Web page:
Begin Twining the Vines to Make a Frame
- Root through your pile of vines and find the largest (while still being bendable) and longest vine you have. This will be the beginning of your wreath and will act as the foundation for the frame you’re about to create.
- Hold the vine on your lap, curling up the sturdier end and pulling the thinner end up and around to form a circle. Make sure its the size you want and then start weaving the end of the vine around the circle. This will form a loose “O”.
- You can secure the larger end to the rest of the vine you’ve just woven in order to make it more secure. Florist tape will work temporarily and thin wire will hold a lot longer. If you work quickly and keep your vines tight as you weave, everything should really hold itself together for the most part. I’ve used wire now and then with grapevine but usually only when I’m making a really large wreath that I simply can’t hold onto as well while I weave in each new vine.
A Wreath Begins to Form
So, you have your “O” and it really doesn’t look like much and you’re beginning to wonder if it ever will.
- No worries, just pick up another length of vine and, starting at a new place, pop the end into any hole on the “O” you can find and start winding and weaving in the new vine.
- You want to be wrapping each new length of vine around the “O” – around and around. This will require putting the end of the vine through the center of the “O” each time your wrap it around.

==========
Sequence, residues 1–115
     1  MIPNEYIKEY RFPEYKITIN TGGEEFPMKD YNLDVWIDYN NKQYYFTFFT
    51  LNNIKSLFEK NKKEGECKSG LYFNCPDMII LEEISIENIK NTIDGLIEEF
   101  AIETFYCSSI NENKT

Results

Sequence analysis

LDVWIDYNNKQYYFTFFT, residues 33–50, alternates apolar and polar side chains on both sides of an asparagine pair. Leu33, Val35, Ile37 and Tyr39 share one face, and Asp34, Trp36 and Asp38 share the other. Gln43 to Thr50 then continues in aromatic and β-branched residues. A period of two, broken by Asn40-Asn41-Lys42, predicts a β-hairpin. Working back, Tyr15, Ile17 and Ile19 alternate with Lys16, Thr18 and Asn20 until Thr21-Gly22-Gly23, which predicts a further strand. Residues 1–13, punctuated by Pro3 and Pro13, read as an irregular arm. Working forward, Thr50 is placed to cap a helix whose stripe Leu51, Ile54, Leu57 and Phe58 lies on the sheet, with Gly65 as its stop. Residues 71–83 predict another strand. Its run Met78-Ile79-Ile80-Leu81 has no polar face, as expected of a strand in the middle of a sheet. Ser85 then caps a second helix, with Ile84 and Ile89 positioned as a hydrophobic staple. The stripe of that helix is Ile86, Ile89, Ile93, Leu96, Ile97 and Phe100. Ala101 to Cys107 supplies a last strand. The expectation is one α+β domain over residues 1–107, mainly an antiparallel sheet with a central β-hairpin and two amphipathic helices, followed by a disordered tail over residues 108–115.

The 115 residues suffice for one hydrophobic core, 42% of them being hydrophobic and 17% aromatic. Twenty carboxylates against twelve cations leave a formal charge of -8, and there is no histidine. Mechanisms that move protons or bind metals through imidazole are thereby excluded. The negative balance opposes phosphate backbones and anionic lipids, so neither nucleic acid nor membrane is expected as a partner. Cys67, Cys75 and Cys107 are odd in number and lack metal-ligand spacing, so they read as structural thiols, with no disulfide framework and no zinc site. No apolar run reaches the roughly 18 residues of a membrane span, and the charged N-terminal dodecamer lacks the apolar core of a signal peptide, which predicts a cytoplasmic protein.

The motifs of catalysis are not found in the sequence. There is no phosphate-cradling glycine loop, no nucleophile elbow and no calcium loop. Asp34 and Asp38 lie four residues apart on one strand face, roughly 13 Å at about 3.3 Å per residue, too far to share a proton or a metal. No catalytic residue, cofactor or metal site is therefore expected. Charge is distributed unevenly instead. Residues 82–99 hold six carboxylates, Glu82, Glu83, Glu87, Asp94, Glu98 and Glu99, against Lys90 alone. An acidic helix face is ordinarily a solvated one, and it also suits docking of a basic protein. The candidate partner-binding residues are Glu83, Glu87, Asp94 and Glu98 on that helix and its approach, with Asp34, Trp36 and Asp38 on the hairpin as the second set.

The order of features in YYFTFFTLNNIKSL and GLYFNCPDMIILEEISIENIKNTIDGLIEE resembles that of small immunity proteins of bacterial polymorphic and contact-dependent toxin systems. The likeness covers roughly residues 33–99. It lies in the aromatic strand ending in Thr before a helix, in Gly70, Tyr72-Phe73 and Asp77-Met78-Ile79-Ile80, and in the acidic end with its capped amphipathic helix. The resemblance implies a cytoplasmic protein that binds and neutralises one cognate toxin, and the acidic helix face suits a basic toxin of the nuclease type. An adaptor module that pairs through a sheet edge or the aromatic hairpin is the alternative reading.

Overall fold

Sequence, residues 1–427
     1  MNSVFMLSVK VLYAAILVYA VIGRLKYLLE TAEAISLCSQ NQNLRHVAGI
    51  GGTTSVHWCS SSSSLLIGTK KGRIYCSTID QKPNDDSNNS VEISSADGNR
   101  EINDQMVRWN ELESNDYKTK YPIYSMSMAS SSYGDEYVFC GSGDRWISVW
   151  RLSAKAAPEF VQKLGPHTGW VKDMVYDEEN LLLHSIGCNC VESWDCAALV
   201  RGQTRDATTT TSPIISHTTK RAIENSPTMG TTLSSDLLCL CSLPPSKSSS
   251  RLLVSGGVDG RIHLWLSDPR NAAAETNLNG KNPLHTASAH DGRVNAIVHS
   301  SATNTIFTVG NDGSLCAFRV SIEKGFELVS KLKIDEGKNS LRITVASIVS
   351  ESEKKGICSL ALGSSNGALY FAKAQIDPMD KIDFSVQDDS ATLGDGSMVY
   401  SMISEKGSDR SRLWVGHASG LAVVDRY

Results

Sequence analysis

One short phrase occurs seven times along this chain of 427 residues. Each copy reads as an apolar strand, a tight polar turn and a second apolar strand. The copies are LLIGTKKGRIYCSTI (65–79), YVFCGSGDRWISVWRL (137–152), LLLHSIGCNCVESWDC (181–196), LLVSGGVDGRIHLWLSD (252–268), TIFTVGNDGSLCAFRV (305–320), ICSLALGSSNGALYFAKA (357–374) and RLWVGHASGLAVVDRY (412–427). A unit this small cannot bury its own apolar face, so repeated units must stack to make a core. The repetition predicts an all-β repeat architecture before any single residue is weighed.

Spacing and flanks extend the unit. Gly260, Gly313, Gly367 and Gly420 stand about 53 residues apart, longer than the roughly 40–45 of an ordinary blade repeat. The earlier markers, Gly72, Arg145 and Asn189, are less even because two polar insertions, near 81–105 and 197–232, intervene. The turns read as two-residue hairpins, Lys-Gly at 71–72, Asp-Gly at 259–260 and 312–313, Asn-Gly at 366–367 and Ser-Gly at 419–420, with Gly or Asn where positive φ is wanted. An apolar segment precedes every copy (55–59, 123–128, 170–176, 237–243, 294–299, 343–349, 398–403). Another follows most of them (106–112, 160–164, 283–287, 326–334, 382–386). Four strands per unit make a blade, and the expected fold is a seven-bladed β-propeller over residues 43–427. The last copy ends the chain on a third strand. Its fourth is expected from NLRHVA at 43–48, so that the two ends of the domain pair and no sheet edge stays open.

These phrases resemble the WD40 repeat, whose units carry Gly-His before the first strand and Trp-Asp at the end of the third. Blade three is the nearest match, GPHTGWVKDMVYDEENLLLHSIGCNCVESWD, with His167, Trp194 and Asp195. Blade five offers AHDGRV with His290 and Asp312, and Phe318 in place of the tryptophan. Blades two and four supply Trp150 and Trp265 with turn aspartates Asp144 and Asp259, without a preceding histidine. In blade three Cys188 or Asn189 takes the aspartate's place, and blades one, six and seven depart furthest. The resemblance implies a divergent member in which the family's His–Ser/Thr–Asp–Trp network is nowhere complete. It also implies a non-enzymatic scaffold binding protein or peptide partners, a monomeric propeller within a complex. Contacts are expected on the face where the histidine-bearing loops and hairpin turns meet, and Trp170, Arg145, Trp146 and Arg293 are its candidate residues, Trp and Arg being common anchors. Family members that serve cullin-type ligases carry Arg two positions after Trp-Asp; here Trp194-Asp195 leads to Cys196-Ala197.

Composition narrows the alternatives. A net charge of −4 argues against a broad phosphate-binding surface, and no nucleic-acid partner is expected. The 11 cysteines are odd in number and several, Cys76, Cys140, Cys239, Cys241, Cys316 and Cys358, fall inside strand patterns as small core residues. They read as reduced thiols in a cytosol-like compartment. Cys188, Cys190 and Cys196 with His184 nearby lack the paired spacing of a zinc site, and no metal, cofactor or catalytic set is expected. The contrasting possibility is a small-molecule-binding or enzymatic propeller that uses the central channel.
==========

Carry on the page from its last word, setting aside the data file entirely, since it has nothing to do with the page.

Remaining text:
- Once you get to the end of that vine, secure the end in any hole or chink you can find. Keep your winding as tight as you can without breaking the vine. Each layer will build upon the last, securing each other to the frame.
- Keep twisting on new layers of vine until you either run out or your wreath reaches the desired thickness.
- Just a reminder, plan for your wreath to shrink in size by at least a third, sometimes a half as it dries. If you’ve twisted tightly enough, it will still hold together just fine and look wonderful.
- How long the wreath takes to dry totally depends on what kind of vine you’ve used and how thick the vines are. Give it two weeks for smaller vines like honeysuckle and at least a month for grapevine wreaths.
- You can decorate and hang it just as soon as the wreath is dry.
What If I Break a Vine?
Don’t worry if you break a vine here and there; it happens. Just secure loose ends and start with another vine.
Stop every now and then to push the “O” back into shape; as you pull and twist, its common to weave a bit sideways so you want to stop and readjust the wreath every few vines to keep a nice, round shape.
I suggest that little children stick with little wreaths as the big ones do get really heavy as they fill in.
What to Do With Your Fall Project Wreaths
This fall project is seasonal in the making, but you can use the wreaths all year round for various things.
Small wreaths can be used to make our family’s “famous” rag quilt Christmas tree ornaments. To learn how, click on our guest post tutorial at Melissa K Norris’s site as part of her Homemade Christmas series. Click here for that tutorial.
Scraps of vine can be twisted into crowns for sisters, miniature wreaths for the fairies or swords for your brother. For our brother, anything can become a sword if you look at it the right way. They key to any craft is imagination!
We’ve used our homemade wreaths for fall door decorations, Advent table decorations and Easter/Passover celebrations.
The sturdy ones will last for years and the more delicate ones will keep on truckin’ if you take good care of them. Once they’ve served their purpose, you can always add them to the woodpile and make a new one next year.